The first season with Girls on the Run was a real eye-opener for me. I learned a lot that season. I began to be aware of my own negative self-talk. I had to change the tapes in my head if I expected the girls to change theirs. Pastor Rob Bell said, “you’ve gotta smoke what you’re selling.” So, I had to think differently about myself and stop listening to myself when I said, “I don’t do this, I can’t do that, I’m not this, I’m that.”
That’s how we fight the thief. We have to not give into the thief’s tactics of turning us on ourselves, but this requires a major shift in our worldview. That shift begins with us and moves to our understanding of God. We have to begin with honoring our created-ness.
First and foremost, we have to believe we are perfectly created by God. We have unique gifts and talents. We are beautiful and handsome. We have a purpose and a calling. We are good enough, because God created us in love and loves us. We are worthy, because God deems us worthy.
I think too often the Gospel is twisted and contorted to feed our feelings of unworthiness. Preachers will tell you that you are unworthy of God’s grace, but still God gives it to us. I’ve heard it from preachers. I’ve heard it in contemporary Christian music. I’ve heard it in hymns. I’d like to say I don’t do it. I try hard not to say it, but I probably have. So, I’ll through myself into the group and say that Christian preachers and singers are selling a Gospel that we are unworthy of God’s love and grace, but He gives it to us anyway.
Think about the beloved hymn “Amazing Grace.” “Amazing grace, how sweet the sound that saved a wretch like me.” We sing that we are wretched human beings unworthy of God’s love. “Twas grace that taught my heart to fear.” In the face of grace, we are taught to be afraid of God, because we are not worthy to stand before God. We receive and accept that grace. “Amazing Grace” doesn’t tell us why God gives us grace, just that we are unworthy and that should cause us fear.
The message is that we receive from God what we don’t deserve, because God is grace and love. This Gospel of unworthiness doesn’t help us fight against the thief.
We can’t combat the thief who steals, kills, and destroys our sense of created-ness and degrades the image of God in which we were created. If we continue to listen to this Gospel, we allow the thief to steal the life Jesus came to give us abundantly.
That major shift in our worldview begins with believing that we are enough. My spiritual director keeps working with me on this. She has asked me to say every day, “I am whole, perfect, and complete.” I remember to hear the messages of negative self-talk more often than I remember to give myself affirmation of my created-ness. I want us to begin today to believe that we are worthy of God’s love and grace and begin our shift in thinking that God is big enough to love and bless all of us.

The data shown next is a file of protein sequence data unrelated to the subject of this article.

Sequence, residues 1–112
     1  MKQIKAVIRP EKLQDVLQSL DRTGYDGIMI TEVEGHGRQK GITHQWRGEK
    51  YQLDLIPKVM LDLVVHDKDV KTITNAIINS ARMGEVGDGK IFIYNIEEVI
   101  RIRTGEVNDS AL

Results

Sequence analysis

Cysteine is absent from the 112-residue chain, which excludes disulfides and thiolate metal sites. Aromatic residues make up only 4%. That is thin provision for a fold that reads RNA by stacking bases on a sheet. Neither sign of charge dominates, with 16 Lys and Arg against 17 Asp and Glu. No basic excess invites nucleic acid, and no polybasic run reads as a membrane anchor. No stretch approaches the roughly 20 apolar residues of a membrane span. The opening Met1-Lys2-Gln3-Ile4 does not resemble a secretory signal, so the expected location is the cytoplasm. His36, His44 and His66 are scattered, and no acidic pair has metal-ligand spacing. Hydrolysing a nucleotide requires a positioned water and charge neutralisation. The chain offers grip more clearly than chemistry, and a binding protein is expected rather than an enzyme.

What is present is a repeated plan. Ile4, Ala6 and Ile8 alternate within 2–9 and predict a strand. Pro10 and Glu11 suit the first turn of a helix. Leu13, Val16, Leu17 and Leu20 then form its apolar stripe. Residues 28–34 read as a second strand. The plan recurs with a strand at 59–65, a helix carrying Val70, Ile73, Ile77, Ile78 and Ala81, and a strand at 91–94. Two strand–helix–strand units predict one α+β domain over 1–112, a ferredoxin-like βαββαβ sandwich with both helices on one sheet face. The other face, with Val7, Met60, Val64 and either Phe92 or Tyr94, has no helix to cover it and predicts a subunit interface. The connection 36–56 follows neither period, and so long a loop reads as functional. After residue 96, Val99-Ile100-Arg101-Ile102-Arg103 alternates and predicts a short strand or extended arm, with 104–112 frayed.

Let’s say we are whole, perfect and complete. Repeat after me. “I am whole, perfect, and complete.” Amen. It is so.
When we begin thinking we are worthy, we can stop questioning when God is going to answer our prayers and count our blessings. We can trust that God will answer our prayers in due time and recognize how He is blessing us now. It’s a not so easy uphill climb from there. As we recognize that we are worthy of God’s love and grace and that He is blessing us, we can stop giving into the messages that we aren’t this or that, that we need this or that to feel adequate, that we aren’t enough. We can be happy with what we have and who we are.
When we feel this security in ourselves, we can be happy and rejoice with others in their blessings. We can trust that God is big enough to love us all. We hear the affirmation in John 3:16, “God so loved the world.” God loves you and me enough that God sent His own Son to offer us grace.
This radical rethinking of God is not an easy uphill climb. It begins with recognition of our worthiness and blessings and moves to our belief that God is bigger than we can imagine. We won’t end up like Jonah sitting in the blazing heat questioning what God is doing.
I think that’s why it is so important for us to share what God is doing in our lives and in the world. It is an act of humility that honors God’s greatness and recognizes that He is blessing us.
I’d like us to share now rather than after our hymn of commitment. I want us to humbly share what God is doing in us as a recognition that we are whole, perfect, and complete. We are worthy of God’s blessing and that He is now blessing us. I think we all have something to say, even if we think it is insignificant or not a grand gesture, we have something to say. Let’s hear it. Who is willing to share?